Hearing

A Review of Recently Completed United States Army Corps of Engineers Chief’s Reports

2167 Rayburn House Office Building

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0 Thursday, September 15, 2016 @ 09:30 | Contact: Justin Harclerode 202-225-9446


This is a hearing of the Subcommittee on Water Resources and Environment

Summary of Subject Matter

Link to Chief’s Reports Congress has received since the passage of WRRDA 2014
Link to Post-Authorization Change Reports Congress has received since the passage of WRRDA 2014

Witness:
  • Major General Donald “Ed” Jackson, Deputy Commanding General – Civil and Emergency Operations, United States Army Corps of Engineers | Written Testimony


  • Shuster and Gibbs Opening Statements
    Hearing on “A Review of Recently Completed United States Army Corps of Engineers Chief’s Reports”
    September 15, 2016
    (Remarks as Prepared)

     

    Chairman Bill Shuster (R-PA)
    Committee on Transportation and Infrastructure

    Today’ hearing will be valuable as we continue our work on the Water Resources Development Act (WRDA) of 2016.  It is critical to get WRDA back on a two-year cycle to maintain Congress’ role in overseeing the Corps’ work, and in improving our infrastructure.  Today’s two Chief’s Reports and two Post-Authorization Change Reports have undergone rigorous economic and environmental analyses, and may be included in the next WRDA.

    I’d like to especially thank General Jackson, General Semonite, and the Corps for their continued attention to the navigation improvements on the Upper Ohio River.  The Emsworth, Dashields, and Montgomery (EDM) Locks Facilities are critical to the operations at the Port of Pittsburgh, one of the Nation’s busiest inland ports.

    These locks have been in operation since the 1920’s and 1930’s.  In fact, Montgomery Lock is the “new” lock, but it was constructed in 1936.  This proposed project we are reviewing today would construct three new lock chambers to replace the EDM Locks.  Without these improvements, the locks and dams that feed into this port would continue to degrade, and threaten the flow of commerce along this critical waterway.

     

    Chairman Bob Gibbs (R-OH)
    Subcommittee on Water Resources and Environment

    This past May, the Committee on Transportation and Infrastructure unanimously passed H.R. 5303, the Water Resources Development Act of 2016.  This legislation builds upon the success of WRRDA 2014, one of the most policy and reform-focused pieces of legislation related to the U.S. Army Corps of Engineers. 

    H.R. 5303 is a bipartisan bill that was developed by working across the aisle to achieve a common goal of investing in America’s future.  H.R. 5303 contains no earmarks and strengthens our water transportation networks to promote competitiveness, prosperity, and economic growth.

    This Committee held numerous public roundtables and official hearings in developing this legislation.  We have heard from the public, industry, stakeholders, and from our colleagues in Congress while developing this legislation and have incorporated their ideas into H.R. 5303.  I appreciate Mr. Shuster, Mr. DeFazio, and Ms. Napolitano’s bipartisan work to address a vital need for America.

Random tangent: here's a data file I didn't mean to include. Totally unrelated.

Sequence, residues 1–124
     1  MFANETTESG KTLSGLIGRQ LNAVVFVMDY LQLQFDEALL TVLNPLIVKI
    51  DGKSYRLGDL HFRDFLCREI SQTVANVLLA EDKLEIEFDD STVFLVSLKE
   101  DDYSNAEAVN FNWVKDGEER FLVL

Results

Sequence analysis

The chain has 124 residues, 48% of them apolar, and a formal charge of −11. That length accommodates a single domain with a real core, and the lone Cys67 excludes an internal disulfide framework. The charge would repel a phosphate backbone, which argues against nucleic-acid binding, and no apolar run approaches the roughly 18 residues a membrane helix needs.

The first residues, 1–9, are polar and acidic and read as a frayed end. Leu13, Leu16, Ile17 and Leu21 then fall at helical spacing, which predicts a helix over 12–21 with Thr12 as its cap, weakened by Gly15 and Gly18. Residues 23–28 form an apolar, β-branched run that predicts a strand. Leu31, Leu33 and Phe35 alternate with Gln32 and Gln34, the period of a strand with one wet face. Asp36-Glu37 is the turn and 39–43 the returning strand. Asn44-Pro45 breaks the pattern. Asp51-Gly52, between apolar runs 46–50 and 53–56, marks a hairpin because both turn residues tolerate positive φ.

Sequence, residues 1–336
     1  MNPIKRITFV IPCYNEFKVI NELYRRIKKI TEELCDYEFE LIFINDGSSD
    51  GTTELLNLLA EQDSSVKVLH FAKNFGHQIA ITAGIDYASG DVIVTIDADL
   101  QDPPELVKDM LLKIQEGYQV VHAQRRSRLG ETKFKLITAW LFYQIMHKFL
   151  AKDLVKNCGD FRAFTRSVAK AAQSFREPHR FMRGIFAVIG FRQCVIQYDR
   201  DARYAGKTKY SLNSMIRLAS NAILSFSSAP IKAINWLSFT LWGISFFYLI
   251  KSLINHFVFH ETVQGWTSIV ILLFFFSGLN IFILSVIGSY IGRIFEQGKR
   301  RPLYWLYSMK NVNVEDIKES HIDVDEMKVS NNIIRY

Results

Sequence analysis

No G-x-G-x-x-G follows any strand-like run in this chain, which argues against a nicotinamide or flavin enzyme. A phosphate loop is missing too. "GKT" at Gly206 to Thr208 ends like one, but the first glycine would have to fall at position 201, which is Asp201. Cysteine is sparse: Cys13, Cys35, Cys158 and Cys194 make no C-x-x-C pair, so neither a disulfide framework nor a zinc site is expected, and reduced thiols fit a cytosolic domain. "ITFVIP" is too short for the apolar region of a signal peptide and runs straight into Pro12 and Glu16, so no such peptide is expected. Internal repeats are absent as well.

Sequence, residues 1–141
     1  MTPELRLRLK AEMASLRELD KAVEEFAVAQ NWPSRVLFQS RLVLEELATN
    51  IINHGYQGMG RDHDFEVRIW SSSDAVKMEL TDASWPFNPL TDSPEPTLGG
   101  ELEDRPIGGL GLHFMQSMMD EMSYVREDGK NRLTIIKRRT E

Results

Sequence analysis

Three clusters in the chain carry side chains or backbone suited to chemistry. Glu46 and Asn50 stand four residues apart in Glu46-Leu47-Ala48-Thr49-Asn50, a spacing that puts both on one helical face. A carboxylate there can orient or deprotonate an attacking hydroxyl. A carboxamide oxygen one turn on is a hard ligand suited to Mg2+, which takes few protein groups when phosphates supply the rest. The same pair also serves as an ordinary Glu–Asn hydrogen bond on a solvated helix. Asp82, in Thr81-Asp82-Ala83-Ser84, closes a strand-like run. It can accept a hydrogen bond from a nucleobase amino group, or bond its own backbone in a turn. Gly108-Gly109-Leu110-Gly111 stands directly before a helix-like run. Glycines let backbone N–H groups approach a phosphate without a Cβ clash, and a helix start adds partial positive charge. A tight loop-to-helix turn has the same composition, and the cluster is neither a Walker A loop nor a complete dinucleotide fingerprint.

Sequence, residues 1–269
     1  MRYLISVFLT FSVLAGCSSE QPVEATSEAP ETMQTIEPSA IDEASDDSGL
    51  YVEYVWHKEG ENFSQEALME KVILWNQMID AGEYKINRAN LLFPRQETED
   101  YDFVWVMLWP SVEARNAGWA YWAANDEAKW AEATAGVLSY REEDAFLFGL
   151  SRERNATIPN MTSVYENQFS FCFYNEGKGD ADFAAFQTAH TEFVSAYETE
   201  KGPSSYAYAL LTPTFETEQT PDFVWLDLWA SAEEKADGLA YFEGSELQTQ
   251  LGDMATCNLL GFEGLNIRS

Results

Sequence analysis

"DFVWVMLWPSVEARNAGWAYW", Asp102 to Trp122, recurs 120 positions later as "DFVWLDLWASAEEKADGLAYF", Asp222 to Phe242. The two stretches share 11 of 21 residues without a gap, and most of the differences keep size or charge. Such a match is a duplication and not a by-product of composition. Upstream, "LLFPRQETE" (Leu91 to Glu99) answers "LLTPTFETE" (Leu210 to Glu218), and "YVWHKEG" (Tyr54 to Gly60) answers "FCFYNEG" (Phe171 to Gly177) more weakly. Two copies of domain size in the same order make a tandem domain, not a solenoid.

Today we are holding a hearing to review two Army Corps of Engineers Chief’s Reports that have been delivered to Congress since this Subcommittee’s previous hearing on May 17th of this year.  We intend to review these proposed projects to ensure they meet our criteria for authorization.  Additionally, the Corps of Engineers delivered to Congress two Post Authorization Change Reports, recommending modifications to ongoing construction projects at Swope Park, Missouri, and Picayune Strand, Florida.

    These Chief’s Reports and Post Authorization Change Reports address the missions of the Corps and balance economic development and environmental considerations equally.

    The Corps of Engineers constructs projects for the purposes of navigation, flood control, shoreline protection, hydroelectric power, recreation, environmental protection, restoration and enhancement, and fish and wildlife mitigation.

    The Corps of Engineers planning process considers economic development and environmental needs as it addresses water resources challenges.  This rigorous planning process addresses the Nation’s water resources needs by exploring a full range of alternatives in developing solutions that meet both national and local needs.

    The two Chief’s Reports and two Post Authorization Change Reports we are discussing today are the result of this rigorous planning process.  These projects are proposed by non-federal interests in cooperation and consultation with the Corps.  All of these Chief’s Reports and Post Authorization Change Reports, while tailored to meet locally developed needs, have national economic and environmental benefits.

    I’d like to welcome General Jackson to this important hearing today.  Thank you for your hard work on both the Upper Ohio River and Southwest Coastal Louisiana’s Chief’s Reports.

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